Scientists offer new theory to explain the origin of monsters of the cosmos.
When astronomers use telescopes to look back in time—toward objects in the universe whose light is only now reaching earth after billions of years—they see something odd. Black holes, big ones, that already existed when the universe was still very young.
This is strange because from what physicists have understood, it takes time for a black hole to eat enough surrounding matter to grow so massive—so it seemed those black holes should not have had time to get so big.
“The analogy I’ve used is that if you saw a child that was only five or six years old, but already weighed as much as an adult human,” said Hai-Bo Yu, an associate professor of physics and astronomy at University of California, Riverside.
Yu and two other scientists with UC Riverside and the University of Chicago came up with a surprising possible explanation: Those black holes could have formed with the help of dark matter.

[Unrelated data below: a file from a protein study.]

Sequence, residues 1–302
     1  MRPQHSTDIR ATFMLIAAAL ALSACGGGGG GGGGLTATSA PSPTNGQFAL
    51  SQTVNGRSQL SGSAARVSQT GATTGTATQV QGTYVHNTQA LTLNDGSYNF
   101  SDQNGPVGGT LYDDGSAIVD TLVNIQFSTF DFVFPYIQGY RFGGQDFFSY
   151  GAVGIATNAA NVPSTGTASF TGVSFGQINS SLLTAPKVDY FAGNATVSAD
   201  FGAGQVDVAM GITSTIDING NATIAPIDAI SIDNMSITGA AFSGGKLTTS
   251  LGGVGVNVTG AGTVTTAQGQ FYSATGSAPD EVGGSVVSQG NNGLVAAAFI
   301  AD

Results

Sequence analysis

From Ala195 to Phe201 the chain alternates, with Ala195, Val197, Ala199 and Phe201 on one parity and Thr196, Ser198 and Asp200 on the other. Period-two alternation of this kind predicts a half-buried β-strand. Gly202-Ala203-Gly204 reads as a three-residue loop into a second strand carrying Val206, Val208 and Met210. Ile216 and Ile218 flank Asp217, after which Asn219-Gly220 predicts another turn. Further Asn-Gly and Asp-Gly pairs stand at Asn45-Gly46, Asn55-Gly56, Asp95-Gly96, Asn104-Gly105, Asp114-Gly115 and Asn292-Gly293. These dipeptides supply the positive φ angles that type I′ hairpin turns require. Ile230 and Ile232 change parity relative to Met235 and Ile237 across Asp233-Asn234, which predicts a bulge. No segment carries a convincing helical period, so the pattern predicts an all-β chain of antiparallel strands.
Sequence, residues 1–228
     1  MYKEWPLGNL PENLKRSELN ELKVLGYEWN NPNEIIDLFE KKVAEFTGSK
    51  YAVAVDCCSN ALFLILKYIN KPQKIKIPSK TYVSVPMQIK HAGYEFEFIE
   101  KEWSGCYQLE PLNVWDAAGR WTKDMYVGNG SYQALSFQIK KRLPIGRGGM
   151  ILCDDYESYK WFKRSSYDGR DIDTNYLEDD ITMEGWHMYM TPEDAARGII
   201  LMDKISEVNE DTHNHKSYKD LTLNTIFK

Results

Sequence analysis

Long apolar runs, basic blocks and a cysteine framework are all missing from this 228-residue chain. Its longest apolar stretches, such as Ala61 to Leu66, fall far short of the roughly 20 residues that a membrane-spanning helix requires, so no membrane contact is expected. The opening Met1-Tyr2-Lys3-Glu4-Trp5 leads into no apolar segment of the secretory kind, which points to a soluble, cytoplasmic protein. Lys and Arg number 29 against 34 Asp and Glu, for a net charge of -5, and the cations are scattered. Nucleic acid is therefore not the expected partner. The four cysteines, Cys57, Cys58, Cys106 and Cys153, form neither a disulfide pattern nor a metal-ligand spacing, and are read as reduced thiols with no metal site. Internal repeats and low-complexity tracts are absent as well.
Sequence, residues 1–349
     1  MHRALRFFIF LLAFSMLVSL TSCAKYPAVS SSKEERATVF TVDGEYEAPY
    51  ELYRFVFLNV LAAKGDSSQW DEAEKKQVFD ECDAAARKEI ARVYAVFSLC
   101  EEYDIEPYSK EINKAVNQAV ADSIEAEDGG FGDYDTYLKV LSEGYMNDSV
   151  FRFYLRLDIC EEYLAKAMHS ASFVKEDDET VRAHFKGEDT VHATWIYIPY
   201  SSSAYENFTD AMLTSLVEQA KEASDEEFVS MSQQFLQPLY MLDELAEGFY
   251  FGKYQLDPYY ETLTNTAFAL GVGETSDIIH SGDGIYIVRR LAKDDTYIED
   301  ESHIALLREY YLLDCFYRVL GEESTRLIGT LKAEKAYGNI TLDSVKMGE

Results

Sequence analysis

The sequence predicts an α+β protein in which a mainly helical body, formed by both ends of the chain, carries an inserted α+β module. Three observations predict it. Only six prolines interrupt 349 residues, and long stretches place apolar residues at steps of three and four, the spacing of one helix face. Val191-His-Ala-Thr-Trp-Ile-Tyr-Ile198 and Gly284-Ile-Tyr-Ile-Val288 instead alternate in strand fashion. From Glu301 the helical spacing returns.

“This ties together two great mysteries in astrophysics—early supermassive black holes and dark matter—very neatly,” said UChicago postdoctoral researcher and study co-author Yi-Ming Zhong.
In the early days of the universe, visible matter existed as clouds of gas particles that would grow into denser objects, such as stars and galaxies. These clouds could collapse and form a seed black hole, i.e., the baby stage of a supermassive black hole. However, in this scenario, the scientists said, the seed would not have enough time to grow into the most massive black holes observed in the early universe, if it eats at a “normal” pace.
But alongside the ordinary matter in these clouds was a halo of dark matter, a mysterious form of matter that we can tell is there because of its gravity pulls on visible things in the universe. The scientists wondered if dark matter could serve as an ingredient that helps create supermassive black holes.
“This ties together two great mysteries in astrophysics—early supermassive black holes and dark matter—very neatly.”
— Yi-Ming Zhong, UChicago postdoctoral researcher and study co-author
According to their simulations, if particles of dark matter in those halos were colliding with each other, such activity could tip the balance of the system towards collapse. That’s because the particles could spread heat to one another as they collided, making the central halo unstable. They also found the dark matter collisions would dissipate the halo’s angular momentum—the quantity that describes the spinning of a body—which further tips the system towards collapse.